20 yen coin

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Twenty yen
Japan
Value20 Japanese yen
Mass16.6 g
Diameter35.06 mm
ShapeCircular
Composition90% Gold
10% Copper
Years of minting1870–1932
Catalog number-
Obverse
Reverse

The 20 yen coin (二十圓硬貨) was a denomination of Japanese yen. These coins were minted in gold, and during their lifespan were the highest denomination of coin that circulated in the country. The first coins were minted in 1870 following the introduction of a decimal currency system. Twenty Yen coins spanned three different Imperial eras before mintage was halted in 1932. Many of these coins were then melted or destroyed as a result of the wars between 1931 and 1945. These coins are now collected by numismatists for academic study, and by those with a hobby.

Circulation figures[edit]

Meiji[edit]

The following are mintage figures for the coins that were minted between the 3rd and 45th (last) year of Meiji's reign. Inscriptions on coins for this period all begin with the Japanese symbol 明治 (Meiji). While coins were struck in 1892, none were released for circulation.

Japanese coins from this period are read clockwise from right to left

"Year" ← "Number representing year of reign" ← "Emperors name" (Ex: 年 ← 七十三 ← 治明)
20 yen coin from year 3 (1870)
20 yen coin from year 30 (1897)
Year of reign Japanese date Gregorian date Mintage[1]
3rd 1870 46,139[2]
6th 1873 42,845[3]
7th 1874 3,251[3]
9th 1876 954[2]
10th 1877 29[2]
13th 三十 1880 103[2]
25th 五十二 1892 Not circulated[2]
30th 十三 1897 1,861,000[4]
36th 六十三 1903 Unknown[4]
37th 七十三 1904 2,759,470
38th 八十三 1905 1,045,904
39th 九十三 1906 1,331,332
40th 十四 1907 817,363
41st 一十四 1908 458,082
42nd 二十四 1909 557,882
43rd 三十四 1910 2,163,644
44th 四十四 1911 1,470,057
45th 五十四 1912 1,272,450

Taishō[edit]

The following are mintage figures for the coins that were minted from the 1st to the 9th year of Taishō's reign. Inscriptions on coins for this period all begin with the Japanese symbol 大正 (Taishō).

Japanese coins from this period are read clockwise from right to left:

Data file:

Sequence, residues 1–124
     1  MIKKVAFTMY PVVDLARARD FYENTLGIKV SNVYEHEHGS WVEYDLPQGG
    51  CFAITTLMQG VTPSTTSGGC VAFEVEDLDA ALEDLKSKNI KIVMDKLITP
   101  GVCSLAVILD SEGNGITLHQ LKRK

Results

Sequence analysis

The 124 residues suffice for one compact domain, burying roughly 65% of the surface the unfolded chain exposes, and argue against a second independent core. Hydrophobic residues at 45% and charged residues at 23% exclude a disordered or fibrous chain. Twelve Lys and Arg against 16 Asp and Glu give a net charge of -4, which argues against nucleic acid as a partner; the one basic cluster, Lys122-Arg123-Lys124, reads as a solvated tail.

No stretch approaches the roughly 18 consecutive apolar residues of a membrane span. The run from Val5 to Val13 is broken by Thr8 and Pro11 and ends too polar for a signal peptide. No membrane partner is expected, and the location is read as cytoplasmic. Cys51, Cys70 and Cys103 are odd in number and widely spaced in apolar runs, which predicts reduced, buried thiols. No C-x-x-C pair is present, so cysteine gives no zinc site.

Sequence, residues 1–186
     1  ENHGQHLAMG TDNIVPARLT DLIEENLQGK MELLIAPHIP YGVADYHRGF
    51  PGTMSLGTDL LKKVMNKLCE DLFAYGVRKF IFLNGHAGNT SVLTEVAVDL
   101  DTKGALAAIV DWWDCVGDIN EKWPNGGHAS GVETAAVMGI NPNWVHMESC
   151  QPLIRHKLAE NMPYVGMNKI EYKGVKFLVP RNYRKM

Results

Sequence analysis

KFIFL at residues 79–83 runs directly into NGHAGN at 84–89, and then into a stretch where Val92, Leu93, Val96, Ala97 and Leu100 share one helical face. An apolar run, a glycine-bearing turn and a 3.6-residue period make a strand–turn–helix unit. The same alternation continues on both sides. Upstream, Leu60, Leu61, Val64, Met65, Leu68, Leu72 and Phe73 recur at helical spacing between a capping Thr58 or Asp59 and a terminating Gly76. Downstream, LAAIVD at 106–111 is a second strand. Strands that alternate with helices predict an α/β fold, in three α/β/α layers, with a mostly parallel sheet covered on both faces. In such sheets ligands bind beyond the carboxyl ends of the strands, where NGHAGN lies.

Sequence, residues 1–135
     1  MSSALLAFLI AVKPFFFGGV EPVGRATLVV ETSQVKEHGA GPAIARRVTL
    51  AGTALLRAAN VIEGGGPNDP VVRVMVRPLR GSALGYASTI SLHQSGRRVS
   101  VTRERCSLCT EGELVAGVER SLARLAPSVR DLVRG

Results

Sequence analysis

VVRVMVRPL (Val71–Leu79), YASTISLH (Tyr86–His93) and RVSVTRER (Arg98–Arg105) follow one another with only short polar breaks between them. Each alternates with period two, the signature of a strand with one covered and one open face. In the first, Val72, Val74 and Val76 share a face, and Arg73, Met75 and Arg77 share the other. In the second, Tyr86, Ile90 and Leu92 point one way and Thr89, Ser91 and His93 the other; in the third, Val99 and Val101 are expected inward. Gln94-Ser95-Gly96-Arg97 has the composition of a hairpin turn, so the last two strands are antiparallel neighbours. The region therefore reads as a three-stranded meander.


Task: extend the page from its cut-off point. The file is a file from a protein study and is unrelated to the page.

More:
"Year" ← "Number representing year of reign" ← "Emperors name" (Ex: 年 ← 六 ← 正大)
Year of reign Japanese date Gregorian date Mintage[1][5]
1st 1912 177,644
2nd 1913 869,248
3rd 1914 1,042,890
4th 1915 1,509,960
5th 1916 2,376,641
6th 1917 6,208,885
7th 1918 3,118,647
8th 1919 1,531,217
9th 1920 370,366

Shōwa[edit]

The following are mintage figures for coins minted between the 5th and the 7th year of Emperor Shōwa's reign. Inscriptions on coins of this period all begin with the Japanese symbol 昭和 (Shōwa).

Japanese coins from this period are read clockwise from right to left:

"Year" ← "Number representing year of reign" ← "Emperors name" (Ex: 年 ← 五 ← 和昭)
Year of reign Japanese date Gregorian date Mintage[1]
5th 1930 11,055,500
6th 1931 7,526,476
7th 1932 Unknown

Collectability[edit]

All 20 yen coins are scarce, as many were melted down or destroyed during Japan's war years (1931–1945).[6] The most common coins found are dated between 1904 and 1920 (Meiji Y.37 to Taishō Y.9), with examples selling in the thousands of dollars.[7] Those dated between the 3rd and 9th year of Meiji's reign (1870 to 1876) are harder to find, and are priced in the five digit amounts; year 9 (1876) coins are the most common.[8] Although mintage figures number in the millions for coins minted after 1920, many were later melted or destroyed. Examples from Showa's 7th year of reign (1932) are considered extremely rare.[7] The rarest coins of the series, though, were minted in the 10th and 13th years of Meiji's reign (1877 and 1880). It is estimated that less than 10 examples survive for the latter, and as a result one of these coins sold for $230,000 (USD) in 2011.[6] All coins for this series should be graded, and authenticated by an expert, as counterfeits exist.[8]

See also[edit]

References[edit]

  1. ^ a b c Chester L. Krause & Clifford Mishler. Collecting World Coins 10th edition. Krause Publications. pp. 433–434.
  2. ^ a b c d e "Japan 20 Yen Y# 13 Yr.10(1877)-Yr.9(1876)". Numismatic Guaranty Corporation. Retrieved December 21, 2016.
  3. ^ a b "Japan Weekly Mail". Jappan Meru Shinbunsha. 1875. Retrieved December 21, 2016.
  4. ^ a b "Japan 20 Yen Y# 34". Numismatic Guaranty Corporation. Retrieved March 28, 2018.
  5. ^ "Japan 20 Yen Y# 40.2 Yr.2(1913)-Yr.9(1920)". Numismatic Guaranty Corporation. Retrieved December 21, 2016.
  6. ^ a b Heritage Auction (December 12, 2016). "Japanese Proof Collection Star of Heritage NYINC 2017 Signature Auction". www.coinweek.com. Retrieved December 22, 2016.
  7. ^ a b "Japan 5, 10, and 20 Yen 1897 to 1932". coinquest.com. Retrieved December 22, 2016.
  8. ^ a b "Japan 2, 5, 10, and 20 Yen (Fakes are possible) 1870 to 1900". coinquest.com. Retrieved December 22, 2016.